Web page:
Naïve Networking: How Wasting an Entrepreneur’s Time Can Spoil a First Impression

Posted on July 8, 2008. Filed under: -- Book Summaries, -- Entrepreneurship And YOU, Networking | Tags: , , , , , , , |


Posted by Molly Greaves, and found on http://www.actonmba.org

Naïve Networking:  How Wasting an Entrepreneur’s Time Can Spoil a First Impression 

 

The Call Entrepreneurs Dread 

“Hi, my name is Tom Matthews. Bob Smith suggested we meet. Is there any time in the 

next six weeks we could get together for lunch?” 

“Can we have lunch, just to get to know each other better?”  

You have no idea how much busy entrepreneurs hate to hear these words.  Despite 

knowing that the meeting almost certainly is a waste of time, common courtesy to the 

caller and “Bob Smith” means the entrepreneur has little choice but to squeeze something 

else into his eighty hour work week, meaning that work, family or charitable duties must 

suffer. 

Finally, it’s the day of the meeting. Thankfully, the entrepreneur’s assistant has managed 

to convert the lunch to a short meeting. 

“Nice to meet you.” 

“Nice to meet you.” 

“So how do you know Bob?” 

“We met a few weeks ago, and your name came up.” 

Another ten minutes are wasted on empty pleasantries, like the weather and the latest 

sports scores.  Finally the moment comes. 

“So what can I do to help?” 

“Well, I’m not sure.  I’m just trying to network with as many people as possible.  I’m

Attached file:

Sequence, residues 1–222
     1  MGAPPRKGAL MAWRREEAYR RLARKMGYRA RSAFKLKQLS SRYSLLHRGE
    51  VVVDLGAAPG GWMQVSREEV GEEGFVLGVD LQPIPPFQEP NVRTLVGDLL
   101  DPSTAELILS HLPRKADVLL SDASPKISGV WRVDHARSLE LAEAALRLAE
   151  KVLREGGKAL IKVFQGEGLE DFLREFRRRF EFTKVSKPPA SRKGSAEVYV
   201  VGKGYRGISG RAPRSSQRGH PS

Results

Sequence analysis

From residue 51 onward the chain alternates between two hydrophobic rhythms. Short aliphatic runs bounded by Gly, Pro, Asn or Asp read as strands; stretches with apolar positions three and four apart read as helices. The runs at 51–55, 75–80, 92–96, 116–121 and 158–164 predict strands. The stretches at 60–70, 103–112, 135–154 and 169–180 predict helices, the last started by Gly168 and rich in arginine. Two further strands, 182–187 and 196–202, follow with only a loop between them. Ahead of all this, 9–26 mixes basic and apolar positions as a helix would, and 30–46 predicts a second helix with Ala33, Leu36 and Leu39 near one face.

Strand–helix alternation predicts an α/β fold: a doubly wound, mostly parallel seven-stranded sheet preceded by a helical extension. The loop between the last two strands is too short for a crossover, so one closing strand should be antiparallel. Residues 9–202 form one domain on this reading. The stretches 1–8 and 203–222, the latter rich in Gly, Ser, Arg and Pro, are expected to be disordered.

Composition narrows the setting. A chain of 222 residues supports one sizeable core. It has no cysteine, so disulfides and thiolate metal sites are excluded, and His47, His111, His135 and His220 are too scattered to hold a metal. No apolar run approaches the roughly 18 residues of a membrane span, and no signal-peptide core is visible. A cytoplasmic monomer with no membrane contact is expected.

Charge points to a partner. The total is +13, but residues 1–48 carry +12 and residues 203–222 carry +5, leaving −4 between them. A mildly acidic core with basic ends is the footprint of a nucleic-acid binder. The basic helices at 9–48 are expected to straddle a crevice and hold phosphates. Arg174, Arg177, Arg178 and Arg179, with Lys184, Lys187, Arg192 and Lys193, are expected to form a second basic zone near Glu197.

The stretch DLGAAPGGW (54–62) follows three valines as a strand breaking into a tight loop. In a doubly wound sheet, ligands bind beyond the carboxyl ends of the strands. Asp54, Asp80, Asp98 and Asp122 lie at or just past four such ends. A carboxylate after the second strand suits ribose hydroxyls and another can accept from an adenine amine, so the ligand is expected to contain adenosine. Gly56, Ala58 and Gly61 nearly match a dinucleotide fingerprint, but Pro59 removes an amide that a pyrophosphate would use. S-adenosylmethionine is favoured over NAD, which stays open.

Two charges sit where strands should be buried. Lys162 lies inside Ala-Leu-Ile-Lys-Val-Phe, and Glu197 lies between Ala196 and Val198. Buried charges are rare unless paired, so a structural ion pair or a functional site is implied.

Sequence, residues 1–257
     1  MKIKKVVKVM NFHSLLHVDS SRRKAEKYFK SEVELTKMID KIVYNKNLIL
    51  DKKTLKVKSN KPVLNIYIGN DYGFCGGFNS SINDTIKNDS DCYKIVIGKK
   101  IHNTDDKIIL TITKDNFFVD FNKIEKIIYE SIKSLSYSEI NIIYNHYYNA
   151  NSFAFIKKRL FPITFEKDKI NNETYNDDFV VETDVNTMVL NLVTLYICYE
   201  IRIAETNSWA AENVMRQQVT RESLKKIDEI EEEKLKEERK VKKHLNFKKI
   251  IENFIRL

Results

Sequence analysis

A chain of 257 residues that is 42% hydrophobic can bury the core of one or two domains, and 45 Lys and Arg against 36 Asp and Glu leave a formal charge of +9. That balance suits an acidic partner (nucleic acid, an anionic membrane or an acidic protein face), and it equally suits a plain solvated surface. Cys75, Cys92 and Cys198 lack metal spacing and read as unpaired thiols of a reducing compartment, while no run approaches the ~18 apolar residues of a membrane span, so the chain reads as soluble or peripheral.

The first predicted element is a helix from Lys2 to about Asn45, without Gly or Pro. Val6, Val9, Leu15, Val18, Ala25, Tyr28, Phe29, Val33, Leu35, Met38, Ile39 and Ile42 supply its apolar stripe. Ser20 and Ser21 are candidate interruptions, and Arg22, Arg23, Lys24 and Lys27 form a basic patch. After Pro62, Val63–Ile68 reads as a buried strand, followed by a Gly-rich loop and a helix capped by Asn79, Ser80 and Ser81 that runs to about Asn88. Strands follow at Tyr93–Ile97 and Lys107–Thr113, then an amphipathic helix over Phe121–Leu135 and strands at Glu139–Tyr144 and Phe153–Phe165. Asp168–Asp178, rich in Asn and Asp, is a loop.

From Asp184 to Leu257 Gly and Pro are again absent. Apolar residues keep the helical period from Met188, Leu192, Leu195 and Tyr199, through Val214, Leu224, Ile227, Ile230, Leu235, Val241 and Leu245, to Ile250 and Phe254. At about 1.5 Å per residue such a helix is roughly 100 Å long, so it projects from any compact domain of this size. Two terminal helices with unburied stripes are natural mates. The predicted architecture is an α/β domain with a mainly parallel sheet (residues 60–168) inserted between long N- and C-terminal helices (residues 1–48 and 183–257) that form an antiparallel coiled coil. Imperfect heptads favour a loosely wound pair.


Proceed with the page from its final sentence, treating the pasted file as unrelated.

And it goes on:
thinking about changing careers.” (Heavy sigh from the entrepreneur.) 

“So what kind of job would interest you?” 

“Well, I’m not sure.  Something that’s really exciting and pays well. I’m really open to 

anything.” (Another heavy sigh.) 

 2 

Then, if you are really unlucky, the guest begins to recount, in agonizing detail, his life 

story.  This takes another fifteen minutes. Time moves slowly. Very slowly. Finally, the 

meeting is over.  Another half hour wasted.   

What’s wrong with this picture? 

So what went wrong?  Is the entrepreneur unsociable? Selfish?  No, not at all. Even the 

most charitable person wants to know – what’s in it for me?  Even if “what’s in it for me” 

is the joy of helping someone else. 

Basically, as an entrepreneur with a family and obligations to my community and church, 

every minute of every day is already taken.  That means there’s an opportunity cost for 

every new task accepted.  If you waste my time because you haven’t thought about your 

own goals, you are telling me that, at best, you are naïve; at worst, self absorbed.  Not 

exactly the best first impression. 

It is a waste of time to use personal interviews to learn about an industry or decide what 

you should do with your life.  A stranger or casual acquaintance doesn’t know you well 

enough to give you personal career advice and general career advice isn’t very valuable.  

If you want to learn more about an industry, it’s more efficient and effective to read about 

the industry first and then interview front line workers—not bother a CEO with general 

questions. 

Save interviews and interactions with busy entrepreneurs until you know exactly what 

you need.  Someone who can help you naturally becomes your mentor, so make it as easy